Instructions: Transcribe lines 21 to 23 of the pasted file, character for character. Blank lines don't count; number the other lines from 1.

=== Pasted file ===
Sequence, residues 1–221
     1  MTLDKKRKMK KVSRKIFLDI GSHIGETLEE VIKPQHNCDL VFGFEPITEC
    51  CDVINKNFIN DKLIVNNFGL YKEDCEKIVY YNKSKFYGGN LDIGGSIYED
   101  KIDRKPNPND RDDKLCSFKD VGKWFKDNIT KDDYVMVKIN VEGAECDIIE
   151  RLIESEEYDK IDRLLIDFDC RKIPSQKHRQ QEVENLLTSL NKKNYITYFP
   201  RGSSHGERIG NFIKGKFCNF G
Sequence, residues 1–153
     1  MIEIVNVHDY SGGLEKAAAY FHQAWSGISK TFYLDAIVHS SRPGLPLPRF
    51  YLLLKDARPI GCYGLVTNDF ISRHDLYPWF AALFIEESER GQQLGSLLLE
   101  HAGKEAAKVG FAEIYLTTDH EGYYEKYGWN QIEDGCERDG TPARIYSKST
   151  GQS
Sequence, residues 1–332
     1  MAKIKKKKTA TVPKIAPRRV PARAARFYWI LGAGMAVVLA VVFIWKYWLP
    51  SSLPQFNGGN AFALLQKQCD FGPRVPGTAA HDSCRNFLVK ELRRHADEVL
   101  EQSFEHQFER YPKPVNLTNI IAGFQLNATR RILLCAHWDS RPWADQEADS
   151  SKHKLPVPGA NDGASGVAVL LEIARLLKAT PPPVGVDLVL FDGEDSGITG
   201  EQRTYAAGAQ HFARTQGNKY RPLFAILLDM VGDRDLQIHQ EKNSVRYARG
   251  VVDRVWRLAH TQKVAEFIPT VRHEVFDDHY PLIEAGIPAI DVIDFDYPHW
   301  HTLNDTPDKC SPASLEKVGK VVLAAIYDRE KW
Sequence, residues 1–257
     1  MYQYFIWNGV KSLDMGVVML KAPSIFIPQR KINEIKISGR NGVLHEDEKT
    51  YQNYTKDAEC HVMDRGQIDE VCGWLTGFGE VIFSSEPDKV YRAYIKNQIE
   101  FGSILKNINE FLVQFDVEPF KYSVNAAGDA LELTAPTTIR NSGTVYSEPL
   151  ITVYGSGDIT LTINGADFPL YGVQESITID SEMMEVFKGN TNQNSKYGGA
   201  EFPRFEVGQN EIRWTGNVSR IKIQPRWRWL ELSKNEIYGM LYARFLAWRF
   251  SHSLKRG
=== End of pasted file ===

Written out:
     1  MYQYFIWNGV KSLDMGVVML KAPSIFIPQR KINEIKISGR NGVLHEDEKT
    51  YQNYTKDAEC HVMDRGQIDE VCGWLTGFGE VIFSSEPDKV YRAYIKNQIE
   101  FGSILKNINE FLVQFDVEPF KYSVNAAGDA LELTAPTTIR NSGTVYSEPL